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Update 11/1/18. The fixed rate will be 0.50% for I bonds issued from November 1, 2018 through April 30, 2019. The variable inflation-indexed rate for this 6-month period will be 2.32% (as was predicted). The total rate on any specific bond is the sum of the fixed and variable rates, changing every 6 months. If you buy a new bond in November 2018, you’ll get 2.82% for the first 6 months. See you again in mid-April 2019 for the next early prediction.

Original post 10/14/18:

Savings I Bonds are a unique, low-risk investment backed by the US Treasury that pay out a variable interest rate linked to inflation. You could own them as an alternative to bank certificates of deposit (they are liquid after 12 months) or bonds in your portfolio.

New inflation numbers were just announced at BLS.gov, which allows us to make an early prediction of the November 2018 savings bond rates a couple of weeks before the official announcement on the 1st. This also allows the opportunity to know exactly what a October 2018 savings bond purchase will yield over the next 12 months, instead of just 6 months.

New inflation rate prediction. March 2018 CPI-U was 249.554. September 2018 CPI-U was 252.439, for a semi-annual increase of 1.16%. Using the official formula, the variable component of interest rate for the next 6 month cycle will be 2.32%. You add the fixed and variable rates to get the total interest rate. If you have an older savings bond, your fixed rate may be very different than one from recent years.

Tips on purchase and redemption. You can’t redeem until 12 months have gone by, and any redemptions within 5 years incur an interest penalty of the last 3 months of interest. A known “trick” with I-Bonds is that if you buy at the end of the month, you’ll still get all the interest for the entire month as if you bought it in the beginning of the month. It’s best to give yourself a few business days of buffer time. If you miss the cutoff, your effective purchase date will be bumped into the next month.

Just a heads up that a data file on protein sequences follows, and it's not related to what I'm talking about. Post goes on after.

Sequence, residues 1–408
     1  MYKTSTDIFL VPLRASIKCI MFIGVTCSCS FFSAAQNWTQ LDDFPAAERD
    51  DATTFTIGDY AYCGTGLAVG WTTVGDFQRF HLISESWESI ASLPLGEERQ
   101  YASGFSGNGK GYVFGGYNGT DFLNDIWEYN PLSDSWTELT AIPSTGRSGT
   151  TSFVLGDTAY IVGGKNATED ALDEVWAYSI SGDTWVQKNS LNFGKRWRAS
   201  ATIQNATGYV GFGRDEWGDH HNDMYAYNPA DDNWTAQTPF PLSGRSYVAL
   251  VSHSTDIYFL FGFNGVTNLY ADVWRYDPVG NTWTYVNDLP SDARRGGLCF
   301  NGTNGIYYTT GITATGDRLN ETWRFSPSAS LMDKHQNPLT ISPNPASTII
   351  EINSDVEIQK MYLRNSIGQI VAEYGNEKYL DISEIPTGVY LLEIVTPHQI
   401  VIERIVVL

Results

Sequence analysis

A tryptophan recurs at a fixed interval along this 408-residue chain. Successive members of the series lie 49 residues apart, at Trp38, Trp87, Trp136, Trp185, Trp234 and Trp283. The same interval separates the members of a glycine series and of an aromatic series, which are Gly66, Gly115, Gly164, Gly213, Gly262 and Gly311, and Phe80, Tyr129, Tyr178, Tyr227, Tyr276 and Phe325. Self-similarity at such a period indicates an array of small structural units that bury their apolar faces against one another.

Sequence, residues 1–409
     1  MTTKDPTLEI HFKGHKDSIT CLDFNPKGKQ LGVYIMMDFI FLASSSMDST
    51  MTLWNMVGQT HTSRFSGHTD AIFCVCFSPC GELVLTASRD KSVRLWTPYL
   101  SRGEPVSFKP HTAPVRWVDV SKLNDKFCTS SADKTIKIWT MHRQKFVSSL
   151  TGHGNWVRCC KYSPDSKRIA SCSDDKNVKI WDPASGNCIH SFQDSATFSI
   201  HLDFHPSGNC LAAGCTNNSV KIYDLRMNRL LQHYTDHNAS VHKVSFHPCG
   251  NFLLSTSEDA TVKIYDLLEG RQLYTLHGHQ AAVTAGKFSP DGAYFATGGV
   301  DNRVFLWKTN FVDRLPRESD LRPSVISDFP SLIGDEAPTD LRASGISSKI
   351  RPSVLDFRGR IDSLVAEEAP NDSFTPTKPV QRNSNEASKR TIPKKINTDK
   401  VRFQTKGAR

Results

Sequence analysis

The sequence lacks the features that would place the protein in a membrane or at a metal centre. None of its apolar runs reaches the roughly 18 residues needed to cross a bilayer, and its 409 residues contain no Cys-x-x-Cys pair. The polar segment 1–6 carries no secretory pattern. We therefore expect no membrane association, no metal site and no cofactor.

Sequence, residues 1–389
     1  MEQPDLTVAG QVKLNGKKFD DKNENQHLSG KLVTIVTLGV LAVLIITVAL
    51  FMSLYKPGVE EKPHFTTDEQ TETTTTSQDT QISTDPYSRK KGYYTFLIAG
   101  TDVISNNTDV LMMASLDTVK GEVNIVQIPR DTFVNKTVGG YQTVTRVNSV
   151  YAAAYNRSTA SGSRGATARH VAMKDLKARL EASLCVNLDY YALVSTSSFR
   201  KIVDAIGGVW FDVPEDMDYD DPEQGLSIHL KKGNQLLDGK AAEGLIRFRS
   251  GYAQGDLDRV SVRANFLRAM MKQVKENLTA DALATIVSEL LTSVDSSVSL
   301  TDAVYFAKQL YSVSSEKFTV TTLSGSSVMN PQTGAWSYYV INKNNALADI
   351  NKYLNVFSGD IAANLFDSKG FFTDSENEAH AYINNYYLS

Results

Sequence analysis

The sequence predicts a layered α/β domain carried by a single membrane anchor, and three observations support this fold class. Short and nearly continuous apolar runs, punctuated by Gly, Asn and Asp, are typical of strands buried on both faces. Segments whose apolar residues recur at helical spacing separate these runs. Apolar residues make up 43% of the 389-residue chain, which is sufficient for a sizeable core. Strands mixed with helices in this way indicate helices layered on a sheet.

Buying in October 2018. If you buy before the end of October, the fixed rate portion of I-Bonds will be 0.30%. You will be guaranteed a total interest rate of 2.52% for the next 6 months (0.30 + 2.22). For the 6 months after that, the total rate will be 0.30 + 2.32 = 2.62%.

Let’s look at a worst-case scenario, where you hold for the minimum of one year and pay the 3-month interest penalty. If you theoretically buy on April 30th, 2018 and sell on April 1, 2019, you’ll earn a ~2.09% annualized return for an 11-month holding period, for which the interest is also exempt from state income taxes. If you held for three months longer, you’d be looking at a ~2.20% annualized return for a 14-month holding period (assuming my math is correct). Compare with the best interest rates as of October 2018.

Buying in November 2018. If you buy in November 2018, you will get 2.32% plus a newly-set fixed rate for the first 6 months. The new fixed rate is unknown, but is loosely linked to the real yield of short-term TIPS, which has been rising a bit. The current real yield of 5-year TIPS now about ~1.00%. My best guess is that it will be 0.50% or 0.60%. Every six months, your rate will adjust to your fixed rate (set at purchase) plus a variable rate based on inflation.

If you have an existing I-Bond, the rates reset every 6 months depending on your purchase month. Your bond rate = your specific fixed rate (set at purchase) + variable rate (minimum floor of 0%).

Buy now or wait? In the short-term, these I bond rates will not beat a top 12-month CD rate if bought in October, and probably won’t if bought in November unless inflation skyrockets. Thus, I probably wouldn’t buy in October. I haven’t bought any savings bonds yet this year, and will wait until November to see what the new fixed rate will be. If it greatly lags the real yield on short-term TIPS, then I will probably just buy TIPS instead. However, if it is close, I will probably buy some savings bonds as a long-term investment given the unique benefits below.

Unique features. I have a separate post on reasons to own Series I Savings Bonds, including inflation protection, tax deferral, exemption from state income taxes, and educational tax benefits.

Over the years, I have accumulated a nice pile of I-Bonds and now consider it part of the inflation-linked bond allocation inside my long-term investment portfolio.

Annual purchase limits. The annual purchase limit is now $10,000 in online I-bonds per Social Security Number. For a couple, that’s $20,000 per year. Buy online at TreasuryDirect.gov, after making sure you’re okay with their security protocols and user-friendliness. You can also buy an additional $5,000 in paper bonds using your tax refund with IRS Form 8888. If you have children, you may be able to buy additional savings bonds by using a minor’s Social Security Number.

For more background, see the rest of my posts on savings bonds.

[Image: 1946 Savings Bond poster from US Treasury – source]

“The editorial content here is not provided by any of the companies mentioned, and has not been reviewed, approved or otherwise endorsed by any of these entities. Opinions expressed here are the author’s alone.”

Savings I Bonds November 2018 Interest Rate: 2.32% Inflation Rate, 0.50% Fixed Rate from My Money Blog.


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